Because its complex contents do not really belong together in any way other than the fact of their belonging together in the book, it is also not easy to summarize them. The only account of the book which might be considered “undistorted” would end up looking like the unwieldy map in Borges’s “On Exactitude in Science” in which “the Cartographers Guilds struck a Map of the Empire whose size was that of the Empire, and which coincided point for point with it” (Borges 1999, 325). With this in mind, it would be productive, for example, to offer an account of some of the images in the book. But if a picture is worth a thousand words, how many are readers willing to read? And if, as a shortcut, some of these images are reproduced here, has this essay left the domain of description and begun to create a partial “Map of the Empire”? Also, if the book is a sensible object, which of its sensible aspects should be mentioned? A mapmaker can indicate a forest without drawing every tree, but, in the case of La nueva novela, the forest is not trees. It is hundreds of dissimilar pieces without a taxonomic relation.
I will leave all those hesitations on the table but will work to offer an account of the book-object anyway. To begin simply, La nueva novela is approximately 27 × 19 × 1.5 cm. It is printed entirely in black ink and has 147 pages, not counting the colophon or the final blank page before the back binding. As the colophon notes, it was initially a single original, and transformed later in a “very limited edition,” something which, for Oscar Sarmiento, “suggests that it effectively insists on its presence as a dissonant object” (Sarmiento 2010, 158). It should be added that this dissonance is not just against a background of other objects and books but is also a good way of describing the clash of La nueva novela’s contents. This begins on the book’s cover, where, in addition to the two crossed-out, parenthetical names there is a black and white, overexposed photographic image of houses that appear to be tumbling into one another (Figure 5).
The back cover is a graph-paper-like grid with instructions that read: “Dibuje el contorno de cada cuarto incluyendo puertas y ventanas. Marque dos rutas de escape para cada miembro de su familia. Cada cuadradito equivale 2 cm.2” (Draw the contour of every square, including doors and windows. Mark two escape routes for every member of your family. Each little square equals 2 cm.2)10 The table of contents separates the book into seven sections plus two extra: “I: Respuestas a problemas de Jean Tardieu,” “II: Cinco problemas para Jean Tardieu,” “III: Tareas de aritmética,” “IV: El espacio y el tiempo,” “V: La zoología, VI: La literatura,” “VII: El desorden de los sentidos,” plus “Notas y referencias” and “Epígrafe para un libro condenado: (La política).” Each section begins with the section’s title set alone on the page and contains additional pages that are usually, but not always, broken out with their own titles or headings.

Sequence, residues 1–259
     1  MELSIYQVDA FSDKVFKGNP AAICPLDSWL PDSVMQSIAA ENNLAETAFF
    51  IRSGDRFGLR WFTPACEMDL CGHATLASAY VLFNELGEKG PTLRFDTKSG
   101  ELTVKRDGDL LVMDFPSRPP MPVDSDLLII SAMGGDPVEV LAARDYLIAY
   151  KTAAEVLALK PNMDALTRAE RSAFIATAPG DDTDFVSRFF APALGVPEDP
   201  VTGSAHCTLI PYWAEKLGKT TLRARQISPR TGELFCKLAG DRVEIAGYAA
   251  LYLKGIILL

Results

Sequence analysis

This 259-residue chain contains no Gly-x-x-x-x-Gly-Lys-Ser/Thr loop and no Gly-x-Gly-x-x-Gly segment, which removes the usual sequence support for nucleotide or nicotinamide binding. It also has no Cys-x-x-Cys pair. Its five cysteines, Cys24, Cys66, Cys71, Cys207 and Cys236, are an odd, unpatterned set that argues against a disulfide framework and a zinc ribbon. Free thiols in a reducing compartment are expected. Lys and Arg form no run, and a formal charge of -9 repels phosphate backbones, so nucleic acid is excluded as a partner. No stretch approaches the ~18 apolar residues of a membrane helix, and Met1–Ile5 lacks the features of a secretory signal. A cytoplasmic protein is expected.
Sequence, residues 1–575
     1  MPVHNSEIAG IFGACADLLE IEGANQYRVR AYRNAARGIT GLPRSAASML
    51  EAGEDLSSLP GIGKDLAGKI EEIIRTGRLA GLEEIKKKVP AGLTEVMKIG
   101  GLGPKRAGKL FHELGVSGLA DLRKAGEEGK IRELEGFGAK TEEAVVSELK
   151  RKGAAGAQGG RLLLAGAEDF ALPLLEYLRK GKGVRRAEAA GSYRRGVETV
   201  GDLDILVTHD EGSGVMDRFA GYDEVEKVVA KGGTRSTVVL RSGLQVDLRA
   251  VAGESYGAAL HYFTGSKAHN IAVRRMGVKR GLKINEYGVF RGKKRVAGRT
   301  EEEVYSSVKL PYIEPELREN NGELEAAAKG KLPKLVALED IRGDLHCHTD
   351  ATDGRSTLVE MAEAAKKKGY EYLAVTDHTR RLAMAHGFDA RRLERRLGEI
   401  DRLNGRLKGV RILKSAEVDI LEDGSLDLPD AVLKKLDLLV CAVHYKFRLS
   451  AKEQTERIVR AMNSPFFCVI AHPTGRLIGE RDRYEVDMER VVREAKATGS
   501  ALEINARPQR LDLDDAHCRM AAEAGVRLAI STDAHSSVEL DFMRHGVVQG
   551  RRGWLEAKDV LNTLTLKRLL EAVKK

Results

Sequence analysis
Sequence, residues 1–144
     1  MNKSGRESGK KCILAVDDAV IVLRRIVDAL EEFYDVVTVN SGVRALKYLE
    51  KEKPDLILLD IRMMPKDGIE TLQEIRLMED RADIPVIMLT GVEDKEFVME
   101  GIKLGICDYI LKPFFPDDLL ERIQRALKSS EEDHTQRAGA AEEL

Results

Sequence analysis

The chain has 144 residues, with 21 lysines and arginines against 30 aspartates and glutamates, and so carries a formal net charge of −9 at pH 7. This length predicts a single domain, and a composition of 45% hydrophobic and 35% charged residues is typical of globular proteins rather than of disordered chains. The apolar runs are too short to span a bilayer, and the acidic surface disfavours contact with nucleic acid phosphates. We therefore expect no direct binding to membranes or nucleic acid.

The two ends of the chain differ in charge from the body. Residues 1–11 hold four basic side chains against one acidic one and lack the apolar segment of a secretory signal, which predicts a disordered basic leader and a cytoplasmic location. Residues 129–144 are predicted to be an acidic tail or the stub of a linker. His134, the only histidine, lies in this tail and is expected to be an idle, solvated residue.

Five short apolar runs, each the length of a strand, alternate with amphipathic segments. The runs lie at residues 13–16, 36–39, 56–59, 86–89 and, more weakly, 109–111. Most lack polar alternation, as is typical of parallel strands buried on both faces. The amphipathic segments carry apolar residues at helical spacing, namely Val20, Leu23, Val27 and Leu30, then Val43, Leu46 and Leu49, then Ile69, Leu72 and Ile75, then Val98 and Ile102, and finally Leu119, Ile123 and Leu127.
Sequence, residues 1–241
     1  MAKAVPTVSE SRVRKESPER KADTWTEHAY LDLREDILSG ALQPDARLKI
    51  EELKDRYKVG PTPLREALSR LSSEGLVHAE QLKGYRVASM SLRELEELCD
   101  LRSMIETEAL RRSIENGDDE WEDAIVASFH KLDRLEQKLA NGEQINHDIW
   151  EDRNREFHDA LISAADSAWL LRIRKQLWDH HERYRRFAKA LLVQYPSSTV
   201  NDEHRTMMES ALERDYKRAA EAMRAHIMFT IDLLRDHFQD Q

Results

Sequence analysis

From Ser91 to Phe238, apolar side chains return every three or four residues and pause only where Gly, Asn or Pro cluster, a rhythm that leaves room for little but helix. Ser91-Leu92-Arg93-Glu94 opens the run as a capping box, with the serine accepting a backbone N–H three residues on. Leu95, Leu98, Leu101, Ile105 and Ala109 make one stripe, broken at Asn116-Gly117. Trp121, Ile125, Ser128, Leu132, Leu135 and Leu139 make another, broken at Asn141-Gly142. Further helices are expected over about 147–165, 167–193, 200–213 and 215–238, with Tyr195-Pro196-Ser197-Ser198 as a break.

So far, this is a description of the La nueva novela’s skeleton, those things that bind it together as a book—its covers, and the sections its contents are divided into. But there is lots more to it. The first section, “Respuestas a problemas de Jean Tardieu” (Answers to the problems of Jean Tardieu), doesn’t so much contain “answers” as more problems; for example, on a page titled “El tiempo” (Time), there is the instruction, “Medir en décimos de segundo el tiempo que se necesita para pronunciar la palabra ‘eternidad’” (Measure in tenths of a second the time required to pronounce the word “eternity”) (13). Elsewhere, there are images, or calls for images such as, following a page titled “La psicología” (Psychology), the question: “¿Cómo se representa usted la falta de pescado?” (How do you represent the lack of fish?) (17). On the following page, there are three examples that show how this might be done.